St Albans-based Premier Foods’ £205m sale of its meat-free business and the ongoing saga over bids for Northern Foods have highlighted the potential of deals in the food sector. That’s according to dealmaker Russell Healey, a partner at Sevenoaks-based private equity investor Foresight Group. He told Insider that about ten per cent of current deals are food-related in some way.
And while not many deals are as large as the Premier or Northern deals, there are interesting opportunities to be found as owner-managed businesses come through the downturn, he said.
Healey cited the example of Hampshire-based organic baby food company Plum Baby, which grew by 30 per cent per year, while Foresight was investing in it before selling it to Darwin Private Equity.
“It’s businesses like this that we’re interested in – movers and shakers in a fairly moribund market that’s otherwise about unappetising bottles and jars.”
Healey thought the statement by Quorn purchaser Exponent and how it intended to expand the business could mean further acquisitions on its part, which would further raise interest in the sector.
The criteria for Foresight to invest in a business, said Healey, were a fast-growing business with a strong brand, product differentiation, a niche market and a passionate management team.
“Of the 40 to 50 deals we see per month a good chunk – probably four of five – are in some way part of the food sector eco-system,” he said.
Healey believes there has been a marked improvement in the quality of deals coming through, in all sectors. “Twelve or 18 months ago we were seeing distressed situations, with companies looking for emergency funding, wanting to take money out without necessarily having a desire to grow the business.” And to an extent, he observed, the Quorn sale is “more about cleaning up the balance sheet than investing for growth”.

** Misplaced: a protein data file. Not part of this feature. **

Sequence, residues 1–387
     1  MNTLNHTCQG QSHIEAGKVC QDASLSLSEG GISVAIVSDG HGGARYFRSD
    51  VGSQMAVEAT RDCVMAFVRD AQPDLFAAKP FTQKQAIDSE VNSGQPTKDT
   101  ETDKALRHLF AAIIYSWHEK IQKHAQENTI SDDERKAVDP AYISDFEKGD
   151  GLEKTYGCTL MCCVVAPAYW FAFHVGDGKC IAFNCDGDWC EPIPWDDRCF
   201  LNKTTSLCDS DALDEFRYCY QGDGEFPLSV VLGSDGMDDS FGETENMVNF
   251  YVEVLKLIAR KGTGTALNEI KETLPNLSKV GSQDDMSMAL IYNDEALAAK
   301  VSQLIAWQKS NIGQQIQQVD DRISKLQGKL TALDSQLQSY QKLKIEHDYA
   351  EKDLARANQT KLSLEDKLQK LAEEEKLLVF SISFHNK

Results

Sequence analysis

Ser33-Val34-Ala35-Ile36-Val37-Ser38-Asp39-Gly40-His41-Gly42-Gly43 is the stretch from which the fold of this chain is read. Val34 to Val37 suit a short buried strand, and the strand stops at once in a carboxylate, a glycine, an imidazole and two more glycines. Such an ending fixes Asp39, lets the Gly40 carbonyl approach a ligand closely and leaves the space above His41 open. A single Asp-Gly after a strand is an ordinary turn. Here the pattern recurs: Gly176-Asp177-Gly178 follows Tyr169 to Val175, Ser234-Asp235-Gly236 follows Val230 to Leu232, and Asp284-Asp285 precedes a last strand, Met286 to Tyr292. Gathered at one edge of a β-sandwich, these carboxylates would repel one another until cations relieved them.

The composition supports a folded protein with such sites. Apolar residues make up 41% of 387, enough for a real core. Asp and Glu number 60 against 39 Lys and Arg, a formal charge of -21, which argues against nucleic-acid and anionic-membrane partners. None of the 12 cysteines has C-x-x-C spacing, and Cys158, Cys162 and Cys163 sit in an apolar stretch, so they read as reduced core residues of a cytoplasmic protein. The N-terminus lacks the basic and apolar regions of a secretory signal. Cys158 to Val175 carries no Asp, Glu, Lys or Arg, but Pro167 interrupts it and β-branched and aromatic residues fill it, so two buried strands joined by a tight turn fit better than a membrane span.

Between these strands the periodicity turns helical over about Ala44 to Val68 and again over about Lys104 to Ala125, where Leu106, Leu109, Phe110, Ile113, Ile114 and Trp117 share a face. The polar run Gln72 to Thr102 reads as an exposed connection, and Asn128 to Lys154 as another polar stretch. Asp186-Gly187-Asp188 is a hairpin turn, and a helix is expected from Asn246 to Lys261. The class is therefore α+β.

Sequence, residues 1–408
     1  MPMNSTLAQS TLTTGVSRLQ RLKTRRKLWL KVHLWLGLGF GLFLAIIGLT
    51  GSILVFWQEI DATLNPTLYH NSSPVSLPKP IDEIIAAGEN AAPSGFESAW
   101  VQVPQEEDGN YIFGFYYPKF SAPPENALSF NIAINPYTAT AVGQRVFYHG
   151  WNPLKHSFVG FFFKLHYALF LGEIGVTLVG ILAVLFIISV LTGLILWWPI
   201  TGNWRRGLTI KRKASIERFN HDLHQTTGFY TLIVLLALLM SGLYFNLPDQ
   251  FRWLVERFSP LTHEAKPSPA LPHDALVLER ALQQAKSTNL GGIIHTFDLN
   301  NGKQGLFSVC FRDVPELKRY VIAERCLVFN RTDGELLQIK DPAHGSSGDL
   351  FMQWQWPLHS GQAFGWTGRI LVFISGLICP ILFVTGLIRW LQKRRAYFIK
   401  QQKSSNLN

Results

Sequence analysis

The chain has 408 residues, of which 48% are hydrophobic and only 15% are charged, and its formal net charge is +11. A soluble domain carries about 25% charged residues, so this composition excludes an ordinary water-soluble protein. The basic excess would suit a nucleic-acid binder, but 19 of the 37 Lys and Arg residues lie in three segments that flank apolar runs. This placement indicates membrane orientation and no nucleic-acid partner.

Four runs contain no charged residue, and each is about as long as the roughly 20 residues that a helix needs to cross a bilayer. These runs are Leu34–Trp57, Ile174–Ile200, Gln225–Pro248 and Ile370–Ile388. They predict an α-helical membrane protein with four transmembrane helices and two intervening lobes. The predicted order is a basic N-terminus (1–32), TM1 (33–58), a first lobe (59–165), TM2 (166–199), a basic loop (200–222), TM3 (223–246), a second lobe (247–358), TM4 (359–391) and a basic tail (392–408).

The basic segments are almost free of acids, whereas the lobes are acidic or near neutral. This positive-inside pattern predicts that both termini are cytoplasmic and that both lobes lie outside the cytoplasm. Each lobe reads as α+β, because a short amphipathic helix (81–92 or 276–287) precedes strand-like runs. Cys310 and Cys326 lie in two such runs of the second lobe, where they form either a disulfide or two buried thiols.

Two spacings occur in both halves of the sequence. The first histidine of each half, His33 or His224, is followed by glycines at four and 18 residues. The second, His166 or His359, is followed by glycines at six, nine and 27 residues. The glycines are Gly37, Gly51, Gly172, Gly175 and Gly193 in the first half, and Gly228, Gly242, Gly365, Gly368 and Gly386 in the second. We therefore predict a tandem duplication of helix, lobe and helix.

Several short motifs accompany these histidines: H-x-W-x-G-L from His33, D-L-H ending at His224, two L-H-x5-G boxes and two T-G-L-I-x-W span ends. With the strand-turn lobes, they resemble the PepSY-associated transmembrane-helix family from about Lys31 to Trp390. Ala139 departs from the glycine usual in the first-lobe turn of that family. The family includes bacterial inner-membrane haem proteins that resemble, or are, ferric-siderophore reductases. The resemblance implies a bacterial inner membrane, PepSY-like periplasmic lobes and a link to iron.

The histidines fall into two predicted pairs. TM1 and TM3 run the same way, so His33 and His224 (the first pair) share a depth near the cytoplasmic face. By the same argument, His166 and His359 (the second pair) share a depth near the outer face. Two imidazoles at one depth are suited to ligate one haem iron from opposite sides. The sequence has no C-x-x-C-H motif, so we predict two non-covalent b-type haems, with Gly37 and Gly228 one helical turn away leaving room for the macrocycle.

But, he added: “What we’re seeing as a theme increasingly now is entrepreneurs looking for cash out – seeing an opportunity to de-risk their personal situation by bringing in institutional investors and taking advantage of the entrepreneur’s tax relief. They’re not trying to get out altogether – typically they want to sell a quarter to half of the business and take some cash out while still investing some to grow the business.”
Healey said some private equity firms were “nervous” about such opportunities, fearing the business owners lacked confidence. “But we find that as long as we do the due diligence, that’s no reason to be put off. Some of these opportunities can be quite successful.”
There was also a growing appetite for smaller deals, especially in situations where the businesses concerned had been unable to get bank funding.
“The banks have been sitting on their hands to a certain extent – though they’re starting to come back. That’s helped us with our £15m planned exit fund, which wouldn’t have done as well as it has, had the banks been operating as they were two or three years ago.”